When everyone else is insane, you have to use apparently insane tactics to get what you want. Hence the sniping.

Yup, that's kinda how I feel.

Except that I throw my hands in the air, declare I can't be arsed, and bid what I'm willing to pay straight off. If someone else wants to outbid me then fine - I'll go elsewhere and buy it there.

Thank you for that story link, going to have to seek out more of his work now.

In theory I ought to love Stross. But in practice I don't. Or at least, there are a lot of swings and misses compared to hits.

I found myself thinking about this after reading that short story in the context of having recently read a few reviews of Primer. Ebert seemed to get the same thing out of Primer as I did despite his very different background - it looked like Science, or at least Engineering rather than Science Fiction. Stross doesn't make that work. For me (and I'm sure you'll disagree) his worlds seem to be filled with Magic rather than Science, despite his best efforts.

I think Ebert might be onto something in picking out the lack of exposition. Primer expects (and of course this turns off a mainstream audience) that you will cope with the fact that you have no idea what's going on. That you will, in fact, embrace this and enjoy the experience of figuring out the same things the characters are figuring out, without them explaining it all to you. Stross has too much exposition. If you find yourself explaining the joke to the audience, you can't expect them to laugh at the end.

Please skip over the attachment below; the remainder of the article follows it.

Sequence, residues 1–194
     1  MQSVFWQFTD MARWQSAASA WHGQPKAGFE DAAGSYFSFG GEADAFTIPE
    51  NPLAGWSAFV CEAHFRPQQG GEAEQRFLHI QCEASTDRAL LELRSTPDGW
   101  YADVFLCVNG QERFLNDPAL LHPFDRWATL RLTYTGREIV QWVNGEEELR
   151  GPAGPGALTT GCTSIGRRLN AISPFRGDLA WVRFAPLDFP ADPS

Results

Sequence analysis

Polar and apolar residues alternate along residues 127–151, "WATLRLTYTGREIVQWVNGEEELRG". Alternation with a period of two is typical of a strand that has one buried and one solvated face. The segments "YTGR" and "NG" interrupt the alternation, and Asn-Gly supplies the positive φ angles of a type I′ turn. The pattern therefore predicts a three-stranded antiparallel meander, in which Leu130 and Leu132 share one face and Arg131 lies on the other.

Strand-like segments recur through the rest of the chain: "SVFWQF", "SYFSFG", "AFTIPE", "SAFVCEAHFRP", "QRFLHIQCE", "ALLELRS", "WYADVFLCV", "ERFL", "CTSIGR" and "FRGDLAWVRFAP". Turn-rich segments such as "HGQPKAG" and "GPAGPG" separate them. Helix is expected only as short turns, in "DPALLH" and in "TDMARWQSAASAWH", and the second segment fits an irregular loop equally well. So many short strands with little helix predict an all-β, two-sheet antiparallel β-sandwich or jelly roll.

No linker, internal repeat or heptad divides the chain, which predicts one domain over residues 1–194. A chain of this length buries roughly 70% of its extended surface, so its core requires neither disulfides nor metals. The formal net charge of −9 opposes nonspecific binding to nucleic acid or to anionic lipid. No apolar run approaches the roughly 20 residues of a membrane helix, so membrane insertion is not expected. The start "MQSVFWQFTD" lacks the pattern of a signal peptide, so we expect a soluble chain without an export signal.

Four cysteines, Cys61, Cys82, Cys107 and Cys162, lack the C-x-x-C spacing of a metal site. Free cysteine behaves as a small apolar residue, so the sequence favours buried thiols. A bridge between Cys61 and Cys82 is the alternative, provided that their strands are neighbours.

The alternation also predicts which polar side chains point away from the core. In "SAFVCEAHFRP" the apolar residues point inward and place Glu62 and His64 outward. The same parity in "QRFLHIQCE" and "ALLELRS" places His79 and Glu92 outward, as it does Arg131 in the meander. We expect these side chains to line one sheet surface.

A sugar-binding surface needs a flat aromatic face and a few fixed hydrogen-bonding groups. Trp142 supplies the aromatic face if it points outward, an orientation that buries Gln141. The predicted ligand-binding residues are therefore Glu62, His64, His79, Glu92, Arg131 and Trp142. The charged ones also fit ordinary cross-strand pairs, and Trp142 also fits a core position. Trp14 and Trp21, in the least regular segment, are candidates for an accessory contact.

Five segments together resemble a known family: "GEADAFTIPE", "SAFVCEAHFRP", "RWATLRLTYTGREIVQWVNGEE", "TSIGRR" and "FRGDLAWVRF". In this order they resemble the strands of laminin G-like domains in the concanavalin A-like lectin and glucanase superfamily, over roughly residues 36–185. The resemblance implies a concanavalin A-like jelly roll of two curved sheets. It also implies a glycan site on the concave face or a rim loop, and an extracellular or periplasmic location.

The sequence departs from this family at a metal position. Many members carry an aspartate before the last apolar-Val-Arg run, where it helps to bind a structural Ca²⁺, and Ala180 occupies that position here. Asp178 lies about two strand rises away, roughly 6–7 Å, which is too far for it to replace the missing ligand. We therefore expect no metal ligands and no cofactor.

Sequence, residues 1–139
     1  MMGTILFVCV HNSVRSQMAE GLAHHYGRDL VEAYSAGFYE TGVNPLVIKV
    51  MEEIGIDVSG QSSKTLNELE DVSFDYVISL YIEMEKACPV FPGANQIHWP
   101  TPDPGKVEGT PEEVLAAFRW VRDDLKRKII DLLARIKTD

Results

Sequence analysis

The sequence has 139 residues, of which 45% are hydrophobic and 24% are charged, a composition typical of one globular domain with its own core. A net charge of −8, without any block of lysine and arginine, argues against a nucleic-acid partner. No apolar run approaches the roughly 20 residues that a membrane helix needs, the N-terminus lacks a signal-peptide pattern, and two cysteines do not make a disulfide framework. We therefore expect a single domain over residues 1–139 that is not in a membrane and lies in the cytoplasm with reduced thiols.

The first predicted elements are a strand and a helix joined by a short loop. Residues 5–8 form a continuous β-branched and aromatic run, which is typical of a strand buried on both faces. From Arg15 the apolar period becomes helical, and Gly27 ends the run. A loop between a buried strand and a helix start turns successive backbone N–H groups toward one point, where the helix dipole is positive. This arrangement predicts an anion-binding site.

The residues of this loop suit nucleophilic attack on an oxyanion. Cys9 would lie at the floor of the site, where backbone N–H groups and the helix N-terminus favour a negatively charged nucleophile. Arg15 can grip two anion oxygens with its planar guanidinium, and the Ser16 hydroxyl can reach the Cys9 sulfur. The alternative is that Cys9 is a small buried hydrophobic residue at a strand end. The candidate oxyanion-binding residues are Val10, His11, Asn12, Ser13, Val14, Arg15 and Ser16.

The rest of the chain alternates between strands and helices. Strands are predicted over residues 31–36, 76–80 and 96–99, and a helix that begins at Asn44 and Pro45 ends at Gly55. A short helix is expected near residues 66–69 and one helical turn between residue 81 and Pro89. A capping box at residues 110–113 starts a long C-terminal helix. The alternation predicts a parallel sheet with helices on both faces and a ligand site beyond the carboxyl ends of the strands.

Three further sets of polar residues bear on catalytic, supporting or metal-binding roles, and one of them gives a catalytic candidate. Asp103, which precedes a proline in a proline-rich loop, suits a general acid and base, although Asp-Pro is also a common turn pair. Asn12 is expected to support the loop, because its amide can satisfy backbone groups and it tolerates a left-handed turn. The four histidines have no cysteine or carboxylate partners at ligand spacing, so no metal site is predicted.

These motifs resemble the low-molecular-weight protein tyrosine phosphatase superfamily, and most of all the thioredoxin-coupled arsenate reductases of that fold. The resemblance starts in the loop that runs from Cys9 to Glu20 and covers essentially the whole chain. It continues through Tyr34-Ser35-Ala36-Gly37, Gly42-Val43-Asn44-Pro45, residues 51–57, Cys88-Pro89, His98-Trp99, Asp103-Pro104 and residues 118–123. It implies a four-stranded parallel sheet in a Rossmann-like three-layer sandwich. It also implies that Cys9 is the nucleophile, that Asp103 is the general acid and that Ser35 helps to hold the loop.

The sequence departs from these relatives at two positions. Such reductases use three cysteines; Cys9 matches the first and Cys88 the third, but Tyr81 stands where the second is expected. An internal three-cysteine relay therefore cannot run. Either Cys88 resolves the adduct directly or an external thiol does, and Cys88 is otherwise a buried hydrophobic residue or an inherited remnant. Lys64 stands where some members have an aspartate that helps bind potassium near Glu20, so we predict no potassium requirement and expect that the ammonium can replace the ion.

I am fairly certain that the folks who sniped you were from my museum. I'm not 100%, but i think they brought this to our attention and we had to buy it for our reconstruction.

Bugger. If it's any consolation, they'll have to pay far less postage that I would have...

Yeah, it's one of those bits of technokipple that you just have a visceral need for.

Not what you think it is...

Because of someone's faulty memory or a typing error, the object in question does not belong to the "CADET". The Can't-Add-Doesn't-Even-Try machine is the IBM 1620, a decimal, variable-word-length machine introduced at about the same time as the 1401. (Google it for lots of photos and information). But thanks to internet plagiarism, the error has propagated like a case of herpes, even into several languages.

What the 1602 is/was, is unknown to me (and probably to most IBM veterans). My best guess is that it was a coupler between two pieces of unit-record gear, say a 620 calculating punch and a 407 accounting machine. But that's just a guess. I can find no record of it in the online IBM archives.

Re: Not what you think it is...

I'd already suspected as much; I'd spent quite a while looking through the IBM archives and other sources. I don't know enough about old IBM kit to have been able to hazard a guess as to what it coupled, but your suggestion makes sense.

There's also a separate issue relating to this quote from the Stross: "[...] the 1602 was one of the last computers built to run on tubes: I’ve probably blown half its circuit boards." The 1620 used RTL logic, not valves, so this is either authorial license for the sake of a better story, or a simple mistake.